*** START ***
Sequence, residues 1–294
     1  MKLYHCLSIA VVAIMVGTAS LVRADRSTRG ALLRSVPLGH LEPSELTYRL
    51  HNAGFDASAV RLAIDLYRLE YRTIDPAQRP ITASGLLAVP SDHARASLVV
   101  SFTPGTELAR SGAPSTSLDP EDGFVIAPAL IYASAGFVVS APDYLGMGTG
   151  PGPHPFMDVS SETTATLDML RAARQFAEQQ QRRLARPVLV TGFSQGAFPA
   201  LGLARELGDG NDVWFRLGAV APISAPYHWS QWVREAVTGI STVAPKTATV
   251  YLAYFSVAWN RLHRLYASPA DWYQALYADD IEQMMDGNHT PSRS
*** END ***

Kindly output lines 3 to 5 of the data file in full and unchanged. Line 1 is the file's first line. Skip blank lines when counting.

    51  HNAGFDASAV RLAIDLYRLE YRTIDPAQRP ITASGLLAVP SDHARASLVV
   101  SFTPGTELAR SGAPSTSLDP EDGFVIAPAL IYASAGFVVS APDYLGMGTG
   151  PGPHPFMDVS SETTATLDML RAARQFAEQQ QRRLARPVLV TGFSQGAFPA